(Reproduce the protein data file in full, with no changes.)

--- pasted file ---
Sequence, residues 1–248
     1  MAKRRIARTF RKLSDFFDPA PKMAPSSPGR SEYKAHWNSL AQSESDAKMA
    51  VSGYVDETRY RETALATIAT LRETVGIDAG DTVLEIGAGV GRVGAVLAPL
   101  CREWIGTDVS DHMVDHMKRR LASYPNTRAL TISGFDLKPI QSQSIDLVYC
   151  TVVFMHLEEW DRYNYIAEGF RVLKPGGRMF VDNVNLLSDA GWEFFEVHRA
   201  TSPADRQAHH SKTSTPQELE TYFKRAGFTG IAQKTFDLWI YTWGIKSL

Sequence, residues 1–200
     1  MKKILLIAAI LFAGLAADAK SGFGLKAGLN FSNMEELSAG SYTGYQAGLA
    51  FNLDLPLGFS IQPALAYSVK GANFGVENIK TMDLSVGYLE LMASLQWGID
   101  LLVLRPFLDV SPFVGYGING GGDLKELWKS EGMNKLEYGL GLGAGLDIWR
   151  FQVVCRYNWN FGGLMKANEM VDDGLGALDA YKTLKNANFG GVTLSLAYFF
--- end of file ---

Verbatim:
Sequence, residues 1–248
     1  MAKRRIARTF RKLSDFFDPA PKMAPSSPGR SEYKAHWNSL AQSESDAKMA
    51  VSGYVDETRY RETALATIAT LRETVGIDAG DTVLEIGAGV GRVGAVLAPL
   101  CREWIGTDVS DHMVDHMKRR LASYPNTRAL TISGFDLKPI QSQSIDLVYC
   151  TVVFMHLEEW DRYNYIAEGF RVLKPGGRMF VDNVNLLSDA GWEFFEVHRA
   201  TSPADRQAHH SKTSTPQELE TYFKRAGFTG IAQKTFDLWI YTWGIKSL

Sequence, residues 1–200
     1  MKKILLIAAI LFAGLAADAK SGFGLKAGLN FSNMEELSAG SYTGYQAGLA
    51  FNLDLPLGFS IQPALAYSVK GANFGVENIK TMDLSVGYLE LMASLQWGID
   101  LLVLRPFLDV SPFVGYGING GGDLKELWKS EGMNKLEYGL GLGAGLDIWR
   151  FQVVCRYNWN FGGLMKANEM VDDGLGALDA YKTLKNANFG GVTLSLAYFF